Serum cortisol predicts death and critical disease independently of CRB-65 score in community-acquired pneumonia: a prospective observational cohort study

M. Kolditz, G. Hoffken, P. Martus, G. Rohde, H. Schutte, R. Bals, N. Suttorp, M.W. Pletz, The CAPNETZ Study Group

Research output: Contribution to journalArticleAcademicpeer-review

Abstract

BACKGROUND: Several biomarkers and prognostic scores have been evaluated to predict prognosis in community-acquired pneumonia (CAP). Optimal risk stratification remains to be evaluated. The aim of this study was to evaluate serum cortisol as biomarker for the prediction of adverse outcomes independently of the CRB-65 score und inflammatory biomarkers in a large cohort of hospitalised patients with CAP. METHODS: 984 hospitalised CAP-patients were included. Serum cortisol was measured and its prognostic accuracy compared to the CRB-65 score, leucocyte count and C-reactive protein. Predefined endpoints were 30-day mortality and the combined endpoint critical pneumonia, defined as presence of death occurring during antibiotic treatment, mechanical ventilation, catecholamine treatment or ICU admission. RESULTS: 64 patients died (6.5%) and 85 developed critical pneumonia (8.6%). Cortisol levels were significantly elevated in both adverse outcomes (p < 0.001) and predicted mortality (AUC 0.70, cut-off 795 nmol/L) and critical pneumonia (AUC 0.71) independently of all other measured variables after logistic regression analysis (p = 0.005 and 0.001, respectively). Prognostic accuracy of CRB-65 was significantly improved by adding cortisol levels (combined AUC 0.81 for both endpoints). In Kaplan-Meier analysis, cortisol predicted survival within different CRB-65 strata (p = 0.003). In subgroup analyses, cortisol independently predicted critical pneumonia when compared to procalcitonin, the CURB65 score and minor criteria for severe pneumonia according to the 2007 ATS/IDSA-guideline. CONCLUSION: Cortisol predicts mortality and critical disease in hospitalised CAP-patients independently of clinical scores and inflammatory biomarkers. It should be incorporated into trials assessing optimal combinations of clinical criteria and biomarkers to improve initial high risk prediction in CAP.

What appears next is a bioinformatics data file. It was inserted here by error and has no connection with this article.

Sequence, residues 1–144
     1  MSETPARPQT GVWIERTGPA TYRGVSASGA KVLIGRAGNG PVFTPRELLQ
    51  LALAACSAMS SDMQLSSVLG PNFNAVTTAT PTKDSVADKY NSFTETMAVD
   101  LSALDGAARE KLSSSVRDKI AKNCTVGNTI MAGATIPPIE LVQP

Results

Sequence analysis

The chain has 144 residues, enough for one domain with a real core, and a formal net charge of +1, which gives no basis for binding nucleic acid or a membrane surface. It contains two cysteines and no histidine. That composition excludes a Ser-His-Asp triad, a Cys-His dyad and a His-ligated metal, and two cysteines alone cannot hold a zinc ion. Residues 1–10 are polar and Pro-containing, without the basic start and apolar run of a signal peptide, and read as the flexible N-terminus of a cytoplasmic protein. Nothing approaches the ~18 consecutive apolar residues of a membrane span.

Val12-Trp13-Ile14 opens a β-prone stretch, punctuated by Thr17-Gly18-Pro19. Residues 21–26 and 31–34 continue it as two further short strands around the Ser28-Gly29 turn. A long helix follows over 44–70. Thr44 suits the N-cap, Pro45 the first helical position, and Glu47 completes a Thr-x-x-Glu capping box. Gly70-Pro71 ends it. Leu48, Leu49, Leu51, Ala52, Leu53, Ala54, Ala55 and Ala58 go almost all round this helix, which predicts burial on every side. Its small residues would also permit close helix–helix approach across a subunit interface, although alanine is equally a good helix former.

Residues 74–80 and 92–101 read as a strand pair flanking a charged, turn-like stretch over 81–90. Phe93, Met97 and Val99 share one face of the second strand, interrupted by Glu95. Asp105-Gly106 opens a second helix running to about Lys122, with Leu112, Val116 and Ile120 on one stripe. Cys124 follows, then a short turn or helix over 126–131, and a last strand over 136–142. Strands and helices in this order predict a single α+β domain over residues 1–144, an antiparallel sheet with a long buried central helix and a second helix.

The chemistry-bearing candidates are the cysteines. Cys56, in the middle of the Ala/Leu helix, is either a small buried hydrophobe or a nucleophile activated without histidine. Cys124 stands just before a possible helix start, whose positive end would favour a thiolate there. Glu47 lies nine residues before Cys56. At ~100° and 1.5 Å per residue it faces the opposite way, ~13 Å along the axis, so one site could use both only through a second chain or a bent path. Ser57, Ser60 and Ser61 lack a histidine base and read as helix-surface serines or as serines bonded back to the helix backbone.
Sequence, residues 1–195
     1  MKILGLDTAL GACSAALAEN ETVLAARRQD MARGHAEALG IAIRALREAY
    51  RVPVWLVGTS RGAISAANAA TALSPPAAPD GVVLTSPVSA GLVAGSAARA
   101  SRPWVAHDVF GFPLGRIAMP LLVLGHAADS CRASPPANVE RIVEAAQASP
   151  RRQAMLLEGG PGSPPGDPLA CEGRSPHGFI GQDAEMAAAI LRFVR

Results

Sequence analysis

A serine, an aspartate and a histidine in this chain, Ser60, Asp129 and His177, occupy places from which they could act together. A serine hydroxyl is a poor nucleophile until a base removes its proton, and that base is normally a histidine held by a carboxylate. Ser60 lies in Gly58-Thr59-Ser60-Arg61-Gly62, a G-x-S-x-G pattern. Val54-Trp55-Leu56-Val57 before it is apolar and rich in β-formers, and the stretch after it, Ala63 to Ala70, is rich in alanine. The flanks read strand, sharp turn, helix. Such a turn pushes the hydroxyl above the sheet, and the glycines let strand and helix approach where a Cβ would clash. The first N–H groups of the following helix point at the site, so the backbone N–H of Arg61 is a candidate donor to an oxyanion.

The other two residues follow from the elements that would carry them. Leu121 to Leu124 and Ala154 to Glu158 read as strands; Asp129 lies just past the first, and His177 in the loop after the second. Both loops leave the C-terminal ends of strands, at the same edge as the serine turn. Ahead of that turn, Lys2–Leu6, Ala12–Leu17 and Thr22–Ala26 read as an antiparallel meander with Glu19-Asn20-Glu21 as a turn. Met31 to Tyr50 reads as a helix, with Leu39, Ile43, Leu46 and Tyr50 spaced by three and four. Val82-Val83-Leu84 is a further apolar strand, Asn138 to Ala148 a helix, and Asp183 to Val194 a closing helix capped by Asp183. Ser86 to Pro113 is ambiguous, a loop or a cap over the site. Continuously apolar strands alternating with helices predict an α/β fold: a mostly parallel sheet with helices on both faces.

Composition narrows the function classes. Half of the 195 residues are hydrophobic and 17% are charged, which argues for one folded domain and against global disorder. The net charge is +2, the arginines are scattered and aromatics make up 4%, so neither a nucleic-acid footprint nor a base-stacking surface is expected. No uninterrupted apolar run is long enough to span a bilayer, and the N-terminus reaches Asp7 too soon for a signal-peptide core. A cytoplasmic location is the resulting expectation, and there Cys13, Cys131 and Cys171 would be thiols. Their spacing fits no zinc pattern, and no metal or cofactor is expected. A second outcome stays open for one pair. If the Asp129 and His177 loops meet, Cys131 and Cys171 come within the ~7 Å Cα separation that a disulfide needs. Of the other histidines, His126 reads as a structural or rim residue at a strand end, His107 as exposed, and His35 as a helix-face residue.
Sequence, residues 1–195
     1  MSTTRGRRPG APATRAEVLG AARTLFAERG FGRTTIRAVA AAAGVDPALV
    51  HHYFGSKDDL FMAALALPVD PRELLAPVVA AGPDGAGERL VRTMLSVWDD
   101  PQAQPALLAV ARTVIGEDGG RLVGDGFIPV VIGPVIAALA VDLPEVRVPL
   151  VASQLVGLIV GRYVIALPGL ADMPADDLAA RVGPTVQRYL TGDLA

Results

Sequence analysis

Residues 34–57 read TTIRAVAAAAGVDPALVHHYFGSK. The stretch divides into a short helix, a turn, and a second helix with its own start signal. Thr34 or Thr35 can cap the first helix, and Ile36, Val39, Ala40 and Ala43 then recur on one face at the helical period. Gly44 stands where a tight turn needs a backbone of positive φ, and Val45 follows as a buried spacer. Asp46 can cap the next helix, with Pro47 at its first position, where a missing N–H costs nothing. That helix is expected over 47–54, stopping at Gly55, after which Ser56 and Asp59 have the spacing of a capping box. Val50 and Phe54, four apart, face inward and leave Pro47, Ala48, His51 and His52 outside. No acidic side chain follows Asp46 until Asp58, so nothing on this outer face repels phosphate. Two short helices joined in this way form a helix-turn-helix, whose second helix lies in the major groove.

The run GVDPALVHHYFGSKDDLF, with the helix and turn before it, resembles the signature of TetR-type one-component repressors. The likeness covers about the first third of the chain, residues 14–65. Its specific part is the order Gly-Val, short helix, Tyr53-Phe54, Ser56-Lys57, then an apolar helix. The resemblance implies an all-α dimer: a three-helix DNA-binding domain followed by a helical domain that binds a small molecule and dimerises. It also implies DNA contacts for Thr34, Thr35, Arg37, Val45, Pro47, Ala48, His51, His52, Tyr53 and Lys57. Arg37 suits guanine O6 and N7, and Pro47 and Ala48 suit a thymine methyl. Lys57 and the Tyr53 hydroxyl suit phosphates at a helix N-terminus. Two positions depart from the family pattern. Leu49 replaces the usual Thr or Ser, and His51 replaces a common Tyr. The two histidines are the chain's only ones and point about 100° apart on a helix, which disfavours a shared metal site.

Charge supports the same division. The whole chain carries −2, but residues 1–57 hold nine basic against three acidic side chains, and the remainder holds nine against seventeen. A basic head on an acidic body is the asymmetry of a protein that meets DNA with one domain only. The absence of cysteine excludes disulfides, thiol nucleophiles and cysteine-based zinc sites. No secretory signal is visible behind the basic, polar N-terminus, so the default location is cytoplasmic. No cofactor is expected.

Original languageEnglish
Article number90
Pages (from-to)90
Number of pages10
JournalBMC Infectious Diseases
Volume12
DOIs
Publication statusPublished - 13 Apr 2012

Keywords

  • Risk stratification
  • Prognosis
  • Biomarker
  • Mortality
  • CRB-65 score
  • GERMAN COMPETENCE NETWORK
  • SEVERITY ASSESSMENT TOOLS
  • CARE-UNIT ADMISSION
  • LONG-TERM SURVIVAL
  • ADRENAL-FUNCTION
  • HOSPITALIZED-PATIENTS
  • NATRIURETIC PEPTIDE
  • ANTIBIOTIC-THERAPY
  • CRITICAL ILLNESS
  • LOW-RISK

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